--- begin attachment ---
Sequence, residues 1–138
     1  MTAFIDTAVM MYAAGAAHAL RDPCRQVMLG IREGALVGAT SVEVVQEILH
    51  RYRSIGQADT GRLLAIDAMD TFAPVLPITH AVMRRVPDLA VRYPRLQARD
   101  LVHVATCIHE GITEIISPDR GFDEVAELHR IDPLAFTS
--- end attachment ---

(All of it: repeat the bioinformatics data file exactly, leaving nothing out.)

Sequence, residues 1–138
     1  MTAFIDTAVM MYAAGAAHAL RDPCRQVMLG IREGALVGAT SVEVVQEILH
    51  RYRSIGQADT GRLLAIDAMD TFAPVLPITH AVMRRVPDLA VRYPRLQARD
   101  LVHVATCIHE GITEIISPDR GFDEVAELHR IDPLAFTS